Tutorial on Introduction to biostatistics
Need for biostatistical tools
Biostatistical tools are necessary in research since it is almost impossible to study an entire population because of the scarcity of resources such as money, time etc or due to a desire to expose only the minimal number of subjects to the risks involved with certain clinical trials. When an entire population cannot be studied, then a part of the population (i.e. sample) is examined.
When the researcher studies the sample and draws inferences about the population, serious errors can result if the sample is not truly representative of the larger population.
Biostatistical tools help the researcher to overcome this bias and help draw valid conclusions about the population with a defined level of confidence. Biostatistics has a role in each phase of the research. Let us start with the first stage of research - planning.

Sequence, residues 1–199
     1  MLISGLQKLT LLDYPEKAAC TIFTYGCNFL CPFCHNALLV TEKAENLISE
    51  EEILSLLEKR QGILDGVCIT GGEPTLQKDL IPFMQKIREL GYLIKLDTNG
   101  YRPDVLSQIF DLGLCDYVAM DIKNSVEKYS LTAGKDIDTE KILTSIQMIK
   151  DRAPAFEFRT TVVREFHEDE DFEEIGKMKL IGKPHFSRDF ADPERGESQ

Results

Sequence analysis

Use of biostatistical tools in planning research
After identifying and defining the problem, the researcher decides on the type of study design to follow. Once the type is determined, the variables have to be identified and classified before proceeding to the next step of developing a hypothesis in the case of experimental study. The variables can be categorized by their nature, type and scales of measurement, i.e. independent or dependent, quantitative or qualitative, types such as nominal, ordinal, interval and ratio scales and so on. The nature of the variables will have a significant effect on data collection and analysis.